The agency is working on implementing an adoption incentive program in which BLM would pay $1,000 to someone who adopts one of the tens of thousands of wild horses that the agency has removed from federal rangelands and is paying to care for in off-range holding pens and corrals.
Brian Steed, the agency's deputy director of policy and programs, announced last month at BLM's National Wild Horse and Burro Advisory Board hearing in Salt Lake City that it would offer the adoption incentive program sometime this fall and that the move would save taxpayers money, since it costs as much as $48,000 to care for each animal over its lifetime (Greenwire, Oct. 10).
Meanwhile, the agency is likely to continue developing a permanent sterilization method that works and is humane.
BLM officials discussed the effort to test the permanent sterilization of wild mares at the Warm Springs HMA during the national advisory panel hearing.
Paul Griffin, research coordinator for BLM's Wild Horse and Burro Program, referred to a study of the ovariectomy via colpotomy method that he said was conducted on mares at Sheldon National Wildlife Refuge in Nevada and said "fairly low complication rates" were observed.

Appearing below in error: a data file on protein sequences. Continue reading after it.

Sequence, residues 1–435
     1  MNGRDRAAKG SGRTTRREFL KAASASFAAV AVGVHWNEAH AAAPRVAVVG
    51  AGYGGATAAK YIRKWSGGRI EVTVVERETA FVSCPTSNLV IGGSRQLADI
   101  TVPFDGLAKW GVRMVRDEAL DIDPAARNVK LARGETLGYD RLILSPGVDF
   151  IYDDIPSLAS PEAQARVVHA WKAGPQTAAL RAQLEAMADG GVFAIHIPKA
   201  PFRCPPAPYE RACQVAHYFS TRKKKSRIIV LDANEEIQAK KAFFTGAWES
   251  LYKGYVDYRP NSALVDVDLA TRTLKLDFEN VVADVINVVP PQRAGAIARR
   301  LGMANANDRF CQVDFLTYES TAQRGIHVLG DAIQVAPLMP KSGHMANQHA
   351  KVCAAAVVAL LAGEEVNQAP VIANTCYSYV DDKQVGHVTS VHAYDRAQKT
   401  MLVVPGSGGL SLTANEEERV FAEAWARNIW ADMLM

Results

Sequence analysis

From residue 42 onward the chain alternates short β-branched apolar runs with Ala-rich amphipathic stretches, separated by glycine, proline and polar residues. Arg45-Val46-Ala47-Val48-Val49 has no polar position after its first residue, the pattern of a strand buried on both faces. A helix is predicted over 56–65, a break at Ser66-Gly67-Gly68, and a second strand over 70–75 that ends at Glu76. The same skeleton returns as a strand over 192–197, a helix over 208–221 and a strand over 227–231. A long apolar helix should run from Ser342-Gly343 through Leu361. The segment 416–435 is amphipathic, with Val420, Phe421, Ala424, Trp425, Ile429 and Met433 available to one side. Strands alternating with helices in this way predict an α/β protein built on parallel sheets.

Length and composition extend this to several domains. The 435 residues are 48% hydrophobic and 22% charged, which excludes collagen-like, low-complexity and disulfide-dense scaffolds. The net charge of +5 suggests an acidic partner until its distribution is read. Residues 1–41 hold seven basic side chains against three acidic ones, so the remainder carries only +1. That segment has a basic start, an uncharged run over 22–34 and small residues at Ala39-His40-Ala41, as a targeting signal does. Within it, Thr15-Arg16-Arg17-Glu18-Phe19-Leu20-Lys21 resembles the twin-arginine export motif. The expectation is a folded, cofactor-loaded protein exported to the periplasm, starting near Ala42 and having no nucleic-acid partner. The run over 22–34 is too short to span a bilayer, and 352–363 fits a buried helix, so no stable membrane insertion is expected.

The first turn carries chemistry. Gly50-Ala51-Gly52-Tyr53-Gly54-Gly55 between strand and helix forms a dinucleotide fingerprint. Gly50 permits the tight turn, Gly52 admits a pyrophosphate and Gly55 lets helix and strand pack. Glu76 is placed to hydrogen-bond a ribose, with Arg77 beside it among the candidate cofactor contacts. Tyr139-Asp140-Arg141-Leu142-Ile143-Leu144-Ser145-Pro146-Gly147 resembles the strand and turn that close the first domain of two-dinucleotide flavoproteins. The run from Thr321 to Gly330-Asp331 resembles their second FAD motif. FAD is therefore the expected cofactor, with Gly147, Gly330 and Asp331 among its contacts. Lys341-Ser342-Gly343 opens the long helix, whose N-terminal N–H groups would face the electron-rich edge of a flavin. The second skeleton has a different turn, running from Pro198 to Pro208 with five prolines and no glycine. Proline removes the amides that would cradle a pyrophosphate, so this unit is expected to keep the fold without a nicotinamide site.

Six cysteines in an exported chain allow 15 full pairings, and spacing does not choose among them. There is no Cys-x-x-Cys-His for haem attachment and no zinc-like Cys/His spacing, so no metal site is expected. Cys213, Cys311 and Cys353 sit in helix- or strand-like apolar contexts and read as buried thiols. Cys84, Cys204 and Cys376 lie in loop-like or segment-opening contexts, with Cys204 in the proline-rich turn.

"The study we're proposing to do in Warm Springs in Oregon will just provide more detail about the information that we think we already know about the effects of via colpotomy spaying," he said, adding that BLM would need to first prevail in court.
Ginger Kathrens, a member of the BLM advisory panel and the executive director of the Cloud Foundation — one of the groups suing BLM over the Oregon research — mentioned at last month's hearing a 2013 National Academy of Sciences report that recommended developing new or improved existing population growth suppression methods for wild horses. She told Griffin the report did not recommend ovariectomy via colpotomy, and had indeed listed health concerns associated with its use on mares.
"Has something changed that would alter that decision with the NAS, do you think?" she asked.
Griffin said that the NAS report did not recommend against this type of spaying method and that since then, new information has been developed.
He noted a USGS panel in 2015 that analyzed different spaying methods and concluded that ovariectomy via colpotomy "was one of the most promising of the spay methods available for use by BLM."